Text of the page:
With a solo UK tour on the horizon, Frankie Rhodes sat down with KAWALA at their recent stint of supporting shows for dodie

I am an English student and aspiring journalist from Essex, with a love for all things arty and musical.
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Daniel McCarthy and Jim Higson are the duo behind KAWALA- an upcoming band from Kentish Town who are making waves within the indie music scene since the release of their first single, ‘Small Death’, last year. Coming to Birmingham’s O2 academy to support dodie on her Human tour, I was lucky enough to be able to chat to the pair as they anticipate the full release of their first EP, as well as their first very own UK and Ireland tour.

Firstly, how would you describe your style, and have there been any major influences on your music?

Daniel: We try not to have specific influences really- it’s a good idea to not copy anyone else too much.
Jim: Yeah, and our style combines a lot of different genres. It’s quite rhythmic, folky, with pop and indie elements. We use close harmonies in the chorus of our songs as well.

So your first single was ‘Small Death’, released last year, which got a lot of attention- including from CLASH magazine and BBC Radio 6 Music. Did you expect such a reaction?

Daniel: Definitely not. Releasing new music is a bit like releasing your child out into the world, something that you’ve worked really hard on. There’s a lot of pressure to do well and you just have to hope for the best.
Jim: We had never released any of our music before that. We’d just done acoustic sessions on YouTube and stuff like that, so this was a big thing for us- it was the start of us becoming proper musicians and not just people who enjoy making music, but haven’t actually put anything out there.

The music video for your single ‘Runaway’ has recently been released, which has a really fun Thunderbirds theme. How was your experience filming the video and what was your inspiration?

Daniel: I’m glad you noticed the Thunderbirds reference. We’ve had other people calling it Power Rangers and things like that. We were just sort of going for a ‘low-fi sci-fi’ type thing, just a bit of a laugh really- it’s important not to take yourself too seriously with these things. It’s very creative and playful, a bit stupid even, but trekking out to a chalk quarry in Ipswich to give the effect of being on Mars was certainly lots of fun, if a bit cold.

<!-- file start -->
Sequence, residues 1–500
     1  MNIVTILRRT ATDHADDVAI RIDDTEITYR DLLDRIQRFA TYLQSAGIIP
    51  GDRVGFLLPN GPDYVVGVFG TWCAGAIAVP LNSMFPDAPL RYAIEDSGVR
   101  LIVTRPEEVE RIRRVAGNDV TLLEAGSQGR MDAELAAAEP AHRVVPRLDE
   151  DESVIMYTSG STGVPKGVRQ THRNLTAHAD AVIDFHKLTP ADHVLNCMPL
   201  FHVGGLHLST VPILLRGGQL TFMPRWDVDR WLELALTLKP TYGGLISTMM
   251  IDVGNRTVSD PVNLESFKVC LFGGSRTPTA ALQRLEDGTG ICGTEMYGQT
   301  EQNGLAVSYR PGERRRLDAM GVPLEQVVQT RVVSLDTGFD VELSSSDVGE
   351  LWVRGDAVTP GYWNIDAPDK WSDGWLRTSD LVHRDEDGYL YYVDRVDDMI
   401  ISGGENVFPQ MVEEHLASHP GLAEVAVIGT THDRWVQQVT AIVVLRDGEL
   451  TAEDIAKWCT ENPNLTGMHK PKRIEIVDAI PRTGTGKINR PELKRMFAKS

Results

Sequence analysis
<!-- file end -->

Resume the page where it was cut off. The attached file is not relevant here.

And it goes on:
You’re just about to play your second date supporting dodie on her Human tour. How has your experience been working with her, and getting to perform in venues such as the O2 Academy?

Our style combines a lot of different genres. It’s quite rhythmic, folky, with pop and indie elements. We use close harmonies in the chorus of our songs as well

Jim: Tonight is definitely the biggest indoor venue we’ve ever played. We were the first act on the second stage of Rize Festival in Essex last year, on its second day. We were a bit worried that our music wouldn’t be noticed as people were only just arriving but by the end of our set we must have had around 3,000 people turning up to listen. In a way though, it’s actually less scary performing to more people- when you play in front of a small group there’s a lot of pressure to impress them, it’s much more up-close-and-personal.
Daniel: Yeah, and it’s so great touring with dodie. This is the best possible supporting tour we could have asked for, really. Her fans are so receptive. The other night, I said ‘hello’ and they all just started yelling it back to me and waving. She’s got that big social media fan base that makes a really fun and energetic crowd.

You’ve also got your very first headline tour coming up, including a gig in Birmingham on the 7th of May at the Sunflower Lounge. You must be excited for that?

Daniel: Definitely, but there’s also a bit of pressure in that we have to sell tickets, which we don’t have to worry about supporting dodie. It’s stressful but we’re also so excited.

Finally, have you got any new music on the way?

Jim: We’re releasing the remaining 2 tracks of our EP in about a week, which we will also be introducing to fans during our tour with dodie.

Following the interview, I was able to witness KAWALA’s supporting set before dodie, which proved to me that the duo are serious contenders amongst upcoming indie artists. I was touched by their humble, quick-witted nature despite their growing success, and their ability to engage with the crowd. You can see for yourself by catching them on their UK & Ireland tour, coming to Birmingham’s Sunflower Lounge on the 7th of May.

‘Counting the Miles’ is available now via Mahogany Records. Tickets to see KAWALA live are available here.